- Completion – When a property sale completes, the funds are transferred to your solicitor by the buyer’s solicitor. This is done after they have verified that they are sending them to a genuine solicitor’s client’s account. If there is no solicitor, the money would have to be sent straight to the sellers. This poses a massive risk with regard to money laundering regulations. Solicitors will always be reluctant to send money directly to sellers accounts.
- Redeeming the existing lending against the property – The seller’s solicitors need to provide undertakings that their current mortgage on the property will be paid off upon completion. This is usually a requirement of the buyer’s solicitors. Undertakings are the promises that solicitors make. Should they fail to carry out a promise, they will face a severe penalty, or in a worse case scenario they will no longer be allowed to practice law. If you are working alone and without the help of a solicitor, an undertaking is not possible. This means the buyer’s solicitors would be completing a transaction without proper confirmation that the mortgage will ever be repaid. This such a risk that a buyers solicitor should not let them proceed.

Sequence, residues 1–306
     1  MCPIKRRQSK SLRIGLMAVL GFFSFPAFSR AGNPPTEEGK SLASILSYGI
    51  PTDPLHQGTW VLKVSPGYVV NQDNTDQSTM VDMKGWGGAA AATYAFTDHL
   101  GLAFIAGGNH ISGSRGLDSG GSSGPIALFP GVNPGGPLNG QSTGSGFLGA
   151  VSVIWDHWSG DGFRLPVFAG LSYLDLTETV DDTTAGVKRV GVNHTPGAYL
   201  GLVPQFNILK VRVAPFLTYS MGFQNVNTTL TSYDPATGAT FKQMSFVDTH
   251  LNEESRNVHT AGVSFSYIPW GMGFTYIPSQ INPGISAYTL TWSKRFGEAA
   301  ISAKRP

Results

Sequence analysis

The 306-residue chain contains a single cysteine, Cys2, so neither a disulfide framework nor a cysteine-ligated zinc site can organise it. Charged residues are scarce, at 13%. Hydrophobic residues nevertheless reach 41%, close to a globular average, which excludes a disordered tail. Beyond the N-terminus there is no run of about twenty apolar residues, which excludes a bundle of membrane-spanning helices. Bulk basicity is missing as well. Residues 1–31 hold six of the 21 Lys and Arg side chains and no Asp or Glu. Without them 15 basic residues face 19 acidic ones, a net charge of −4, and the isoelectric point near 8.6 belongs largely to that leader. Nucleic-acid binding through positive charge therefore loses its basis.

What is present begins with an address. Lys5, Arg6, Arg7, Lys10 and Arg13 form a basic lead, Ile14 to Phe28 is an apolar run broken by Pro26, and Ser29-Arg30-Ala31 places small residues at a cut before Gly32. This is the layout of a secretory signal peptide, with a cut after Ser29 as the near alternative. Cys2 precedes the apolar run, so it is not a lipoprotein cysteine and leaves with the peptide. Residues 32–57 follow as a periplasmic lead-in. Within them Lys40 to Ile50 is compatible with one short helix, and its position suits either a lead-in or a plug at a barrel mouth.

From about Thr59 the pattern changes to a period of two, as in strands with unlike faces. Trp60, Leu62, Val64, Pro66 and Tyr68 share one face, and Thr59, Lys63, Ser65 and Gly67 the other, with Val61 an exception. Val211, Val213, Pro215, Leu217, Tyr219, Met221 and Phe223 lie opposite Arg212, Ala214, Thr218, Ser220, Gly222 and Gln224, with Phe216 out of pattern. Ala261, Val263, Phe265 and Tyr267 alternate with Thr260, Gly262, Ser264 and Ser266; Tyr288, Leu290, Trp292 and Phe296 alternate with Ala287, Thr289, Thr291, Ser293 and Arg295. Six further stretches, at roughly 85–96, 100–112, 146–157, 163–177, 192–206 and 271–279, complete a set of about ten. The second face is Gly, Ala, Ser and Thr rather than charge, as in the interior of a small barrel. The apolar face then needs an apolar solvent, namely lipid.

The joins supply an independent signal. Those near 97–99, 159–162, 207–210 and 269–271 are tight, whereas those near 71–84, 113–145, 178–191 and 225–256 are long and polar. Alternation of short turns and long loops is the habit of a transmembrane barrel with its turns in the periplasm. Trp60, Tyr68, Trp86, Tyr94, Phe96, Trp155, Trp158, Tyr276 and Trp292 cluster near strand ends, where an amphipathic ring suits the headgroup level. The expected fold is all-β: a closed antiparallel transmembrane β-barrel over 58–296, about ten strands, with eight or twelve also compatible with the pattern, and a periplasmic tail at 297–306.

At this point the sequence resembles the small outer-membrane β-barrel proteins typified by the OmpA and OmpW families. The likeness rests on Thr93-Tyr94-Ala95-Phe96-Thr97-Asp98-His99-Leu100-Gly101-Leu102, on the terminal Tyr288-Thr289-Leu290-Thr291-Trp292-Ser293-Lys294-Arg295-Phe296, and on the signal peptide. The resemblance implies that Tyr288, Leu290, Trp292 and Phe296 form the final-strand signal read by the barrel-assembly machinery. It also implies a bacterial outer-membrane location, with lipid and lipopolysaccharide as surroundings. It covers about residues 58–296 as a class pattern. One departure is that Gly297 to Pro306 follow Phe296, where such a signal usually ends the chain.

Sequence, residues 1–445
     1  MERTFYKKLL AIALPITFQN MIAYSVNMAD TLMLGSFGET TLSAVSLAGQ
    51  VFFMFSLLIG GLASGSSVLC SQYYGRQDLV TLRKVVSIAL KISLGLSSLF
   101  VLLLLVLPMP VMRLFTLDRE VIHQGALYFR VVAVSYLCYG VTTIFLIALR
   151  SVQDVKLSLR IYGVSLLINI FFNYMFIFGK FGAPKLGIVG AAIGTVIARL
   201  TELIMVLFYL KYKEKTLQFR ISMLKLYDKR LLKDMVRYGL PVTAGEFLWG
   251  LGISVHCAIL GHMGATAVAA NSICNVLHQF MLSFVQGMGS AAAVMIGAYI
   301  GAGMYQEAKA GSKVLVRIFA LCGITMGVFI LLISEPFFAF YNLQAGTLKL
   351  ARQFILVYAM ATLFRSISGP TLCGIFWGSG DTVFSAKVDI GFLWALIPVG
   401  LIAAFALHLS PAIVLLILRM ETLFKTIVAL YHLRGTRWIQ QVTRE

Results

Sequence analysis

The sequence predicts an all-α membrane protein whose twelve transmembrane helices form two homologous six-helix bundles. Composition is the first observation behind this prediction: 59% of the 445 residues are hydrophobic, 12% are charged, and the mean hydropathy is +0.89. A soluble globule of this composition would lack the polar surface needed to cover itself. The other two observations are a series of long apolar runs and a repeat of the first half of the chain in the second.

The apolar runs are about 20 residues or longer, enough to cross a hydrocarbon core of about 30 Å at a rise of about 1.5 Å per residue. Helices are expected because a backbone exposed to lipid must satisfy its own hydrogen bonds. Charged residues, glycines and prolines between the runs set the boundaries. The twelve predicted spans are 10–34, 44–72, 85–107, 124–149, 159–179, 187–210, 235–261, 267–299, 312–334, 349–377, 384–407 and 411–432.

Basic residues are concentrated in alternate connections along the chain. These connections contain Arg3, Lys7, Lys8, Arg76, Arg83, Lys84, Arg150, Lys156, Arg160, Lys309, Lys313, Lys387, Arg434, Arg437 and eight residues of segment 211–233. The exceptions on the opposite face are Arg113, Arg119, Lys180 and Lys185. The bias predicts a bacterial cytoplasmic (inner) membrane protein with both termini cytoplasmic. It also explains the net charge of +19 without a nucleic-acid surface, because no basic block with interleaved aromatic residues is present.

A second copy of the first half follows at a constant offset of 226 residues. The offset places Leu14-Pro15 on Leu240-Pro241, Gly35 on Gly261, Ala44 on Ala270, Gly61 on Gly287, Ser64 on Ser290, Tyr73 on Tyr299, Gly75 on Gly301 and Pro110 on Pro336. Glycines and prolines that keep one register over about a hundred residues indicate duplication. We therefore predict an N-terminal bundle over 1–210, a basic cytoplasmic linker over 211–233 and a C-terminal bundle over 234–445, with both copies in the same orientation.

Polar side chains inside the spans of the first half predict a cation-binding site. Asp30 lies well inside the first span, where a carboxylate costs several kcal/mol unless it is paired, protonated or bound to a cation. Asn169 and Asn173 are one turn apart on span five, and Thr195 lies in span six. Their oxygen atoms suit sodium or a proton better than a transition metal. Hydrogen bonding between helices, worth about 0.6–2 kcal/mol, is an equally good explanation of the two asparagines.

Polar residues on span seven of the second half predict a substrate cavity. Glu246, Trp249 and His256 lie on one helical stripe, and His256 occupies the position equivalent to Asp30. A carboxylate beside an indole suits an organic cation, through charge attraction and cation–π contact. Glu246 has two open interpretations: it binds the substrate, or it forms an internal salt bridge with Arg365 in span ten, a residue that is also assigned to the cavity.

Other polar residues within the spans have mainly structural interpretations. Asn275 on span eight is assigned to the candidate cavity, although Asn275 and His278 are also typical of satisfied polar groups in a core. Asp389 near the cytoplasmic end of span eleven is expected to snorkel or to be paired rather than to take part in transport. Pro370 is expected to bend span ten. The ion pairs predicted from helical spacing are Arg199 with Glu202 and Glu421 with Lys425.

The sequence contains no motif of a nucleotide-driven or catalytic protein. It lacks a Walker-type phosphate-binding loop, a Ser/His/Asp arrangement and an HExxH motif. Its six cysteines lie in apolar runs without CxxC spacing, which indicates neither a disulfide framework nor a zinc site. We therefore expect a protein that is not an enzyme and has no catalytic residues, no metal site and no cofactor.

Whatever your situation, we advise employing the services of a conveyancing professional when dealing with such an important, high value transaction such as a house sale. The ease of acquiring an online quote for conveyancing makes choosing one simple and extremely quick. Conveyancing Supermarket only work with professionals on the Lenders panel.